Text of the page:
If I can cook it, you can cook it And I'll travel the world to bring it back home to you.

American Chili Con Carne and Cast Iron Skillet Corn Bread

When our grandson was coming to visit, I decided to make “a big pot of Chili”.  I am waiting for someone to ever say they’re making “a small pot of chili” but never mind.  Now there are a couple of chili recipes on Chewing the Fat that are awfully good.  There’s Monte’s Bourbon Chili… https://www.chewingthefat.us.com/2012/12/montes-bourbon-chili.htmlIt has a lot of fans. But Bourbon and little boys don’t strike me as a perfect match.  Then there’s Texas Beef Brisket Chili which actually comes with song lyrics begging you not to use beans when you attempt a real Texas chili… www.chewingthefat.us.com/2011/12/texas-beef-brisket-chili-with-butternut.html  But here again, the last time Mason and I had a conversation about food, I remembered his saying “Me no like spicy”.  He is now 8 and no longer speaks like that but the memory lingered on.  So I thought I’d dig deeper and see what I could dig up.  Almost immediately, I came upon a recipe for “American” Chili Con Carne.  It was from the UK which led me to believe it had likely nowhere near the heat content thought desirable in this country.   And I was certainly right about that.  I was hard-pressed to see how they called it “Chili”.  The Con Carne part tasted as bland as unseasoned chopped meat. I did quite a bit of doctoring to the original recipe.  In my chili, for some variety in texture and deeper beef flavor, I added flank steak cut into strips. I also like big chunks of sweet red pepper in my chili.  It adds another dimension in texture.  I was judicious in using any heat-inducing additions and ended up with a terrific bowl of chili. Mason pronounced it “Not spicy at all, just really good tasting”.  Need I say I was so pleased I thought I’d send it out to you.

You would think that “Chili Con Carne”, consisting entirely of Spanish words would have come to Texas from Mexico but oh no…. in Mexico, Chili Con Carne is found in only a very few restaurants that cater to American tourists.  In fact in a book called Diccionario de Mejicanismos, Chili Con Carne was defined as “detestable food passing itself off as Mexican, sold in the US from Texas to New York”.  So there!
Chili Stands in front of the Alamo

The earliest versions of Chili Con Carne were made by very poor people in the state of Texas.  A writer named J.C. Clopper wrote the first description of the chili he encountered in San Antonio, TX : “When they have to pay for their meat in the market, a very little is made to suffice for a family; this is generally cut into a kind of hash with nearly as many peppers as there are pieces of meat—this is all stewed together”. Note Mr. Clopper never even used the word “Chili”.  San Antonio was the capital of chili.  In the 1880s chili stands were set up in the city market from which chili or “bowls o ‘red” were sold by women called “Chili Queens”   A ‘bowl o red’ set you back ten cents which included a glass of water and a piece of bread.  Its fame spread and featured at the World’s Fair in Chicago in 1893, the dish was a major attraction.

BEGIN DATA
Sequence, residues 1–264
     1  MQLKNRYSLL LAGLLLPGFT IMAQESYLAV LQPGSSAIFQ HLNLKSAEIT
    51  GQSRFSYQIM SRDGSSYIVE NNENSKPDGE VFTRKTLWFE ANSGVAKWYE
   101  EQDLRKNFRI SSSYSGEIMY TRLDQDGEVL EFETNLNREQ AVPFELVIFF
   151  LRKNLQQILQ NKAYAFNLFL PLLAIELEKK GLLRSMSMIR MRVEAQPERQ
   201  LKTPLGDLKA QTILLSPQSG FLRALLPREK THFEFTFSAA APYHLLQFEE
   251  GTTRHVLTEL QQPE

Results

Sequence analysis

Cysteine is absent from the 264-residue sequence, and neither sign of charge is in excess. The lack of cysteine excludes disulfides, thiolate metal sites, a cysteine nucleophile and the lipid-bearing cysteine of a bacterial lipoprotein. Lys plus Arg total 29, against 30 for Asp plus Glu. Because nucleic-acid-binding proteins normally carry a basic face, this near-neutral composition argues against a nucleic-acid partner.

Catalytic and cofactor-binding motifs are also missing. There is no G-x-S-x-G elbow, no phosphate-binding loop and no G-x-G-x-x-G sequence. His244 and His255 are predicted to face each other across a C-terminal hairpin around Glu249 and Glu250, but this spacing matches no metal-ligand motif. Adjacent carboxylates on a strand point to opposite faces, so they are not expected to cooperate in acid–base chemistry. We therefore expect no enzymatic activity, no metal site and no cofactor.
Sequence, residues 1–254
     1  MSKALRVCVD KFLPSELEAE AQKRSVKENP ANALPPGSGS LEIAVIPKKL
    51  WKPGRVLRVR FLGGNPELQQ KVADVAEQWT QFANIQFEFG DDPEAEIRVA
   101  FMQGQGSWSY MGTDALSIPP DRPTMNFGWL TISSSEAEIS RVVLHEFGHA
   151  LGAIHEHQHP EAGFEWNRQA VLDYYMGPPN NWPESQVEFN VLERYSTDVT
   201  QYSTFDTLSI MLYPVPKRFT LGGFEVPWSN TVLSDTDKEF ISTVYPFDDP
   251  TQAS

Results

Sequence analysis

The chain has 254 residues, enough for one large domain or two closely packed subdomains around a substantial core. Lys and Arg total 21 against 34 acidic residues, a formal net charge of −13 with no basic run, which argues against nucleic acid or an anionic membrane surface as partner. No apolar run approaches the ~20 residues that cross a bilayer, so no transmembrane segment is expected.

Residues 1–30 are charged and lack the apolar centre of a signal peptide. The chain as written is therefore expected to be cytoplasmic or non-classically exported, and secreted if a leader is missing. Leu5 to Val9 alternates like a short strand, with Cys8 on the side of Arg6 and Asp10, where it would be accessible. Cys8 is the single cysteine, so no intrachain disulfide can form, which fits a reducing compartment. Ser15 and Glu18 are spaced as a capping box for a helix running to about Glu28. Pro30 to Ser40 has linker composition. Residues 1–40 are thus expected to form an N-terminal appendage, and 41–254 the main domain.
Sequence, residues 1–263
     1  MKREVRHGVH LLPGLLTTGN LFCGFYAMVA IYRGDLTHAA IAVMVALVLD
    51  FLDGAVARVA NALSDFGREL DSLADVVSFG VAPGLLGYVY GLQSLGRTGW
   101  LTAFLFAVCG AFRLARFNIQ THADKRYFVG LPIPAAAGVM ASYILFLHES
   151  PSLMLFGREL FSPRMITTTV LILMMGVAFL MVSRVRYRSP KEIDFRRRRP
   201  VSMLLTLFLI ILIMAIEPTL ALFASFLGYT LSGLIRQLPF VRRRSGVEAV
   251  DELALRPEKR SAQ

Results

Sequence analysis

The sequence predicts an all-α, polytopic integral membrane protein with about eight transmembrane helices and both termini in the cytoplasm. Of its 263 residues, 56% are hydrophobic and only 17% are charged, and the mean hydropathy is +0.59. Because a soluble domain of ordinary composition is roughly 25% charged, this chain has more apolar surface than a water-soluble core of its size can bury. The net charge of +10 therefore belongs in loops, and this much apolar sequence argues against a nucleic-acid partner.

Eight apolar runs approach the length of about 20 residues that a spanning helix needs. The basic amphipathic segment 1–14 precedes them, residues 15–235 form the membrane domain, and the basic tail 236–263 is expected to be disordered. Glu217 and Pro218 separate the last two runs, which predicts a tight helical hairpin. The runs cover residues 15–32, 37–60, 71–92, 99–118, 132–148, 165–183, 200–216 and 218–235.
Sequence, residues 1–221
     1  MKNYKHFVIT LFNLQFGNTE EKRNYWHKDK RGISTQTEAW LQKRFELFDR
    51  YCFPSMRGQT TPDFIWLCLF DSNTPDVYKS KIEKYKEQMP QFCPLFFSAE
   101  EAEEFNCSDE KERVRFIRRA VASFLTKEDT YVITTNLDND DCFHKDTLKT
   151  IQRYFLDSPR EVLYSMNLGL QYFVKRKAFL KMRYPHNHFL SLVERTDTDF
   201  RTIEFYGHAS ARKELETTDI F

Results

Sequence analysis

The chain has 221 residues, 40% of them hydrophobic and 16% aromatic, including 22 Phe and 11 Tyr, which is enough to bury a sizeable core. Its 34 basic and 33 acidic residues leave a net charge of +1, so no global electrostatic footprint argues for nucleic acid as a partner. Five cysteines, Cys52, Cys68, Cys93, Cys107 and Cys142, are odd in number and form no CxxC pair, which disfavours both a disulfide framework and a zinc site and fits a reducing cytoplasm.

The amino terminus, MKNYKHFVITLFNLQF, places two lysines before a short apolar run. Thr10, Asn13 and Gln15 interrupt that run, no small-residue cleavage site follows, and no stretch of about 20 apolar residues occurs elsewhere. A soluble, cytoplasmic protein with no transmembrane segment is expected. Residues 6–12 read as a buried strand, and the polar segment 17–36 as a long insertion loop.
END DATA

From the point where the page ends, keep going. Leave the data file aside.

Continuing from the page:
By 1900, there were chili joints all over Texas and by the 1920s there was hardly a town that didn’t have a Chili Parlour, most of which were very simple affairs often just a shed or room with a counter and some stools. Credit is often given to chili joints for meaning the difference between starving to death and living through the Great Depression: Chili was cheap and the crackers it came with were free.


We’ll get to our chili recipe but first, nothing goes better with Chili than a wedge of the best cornbread I have ever eaten.  Andrew found Alex Guarnaschelli’s recipe for Cast Iron Skillet Cornbread and put it together in under an hour’s time.  The sweetness of the bread is a great contrast to the flavor of the chili. And because it’s cooked in a skillet a nice crust develops which separates this recipe from any pan-baked corn bread. The recipe follows the one for the Chili.

Chili is one of those dishes that benefit from very long cooking times. So it’s one of the very infrequent times I call in the Slow Cooker.  My objection to Slow Cookers is simply this: I have never seen a slow cooker recipe that involved meat that did not require sautéing the meat first. So cooking in the Slow Cooker always calls for some early morning preparation that, quite honestly, I don’t know how people find time to do.  However, once that’s been accomplished, there’s no question that Slow Cooking the chili is the way to go.  In making my ‘big bowl of chili’, I started the day before, cooked the chili all day, then removed it to the fridge bringing out and turning it on again an hour or two before lunch.  At that time I add the final ingredient, big 1 ½ inch squares of red and yellow peppers.  Here is the recipe:

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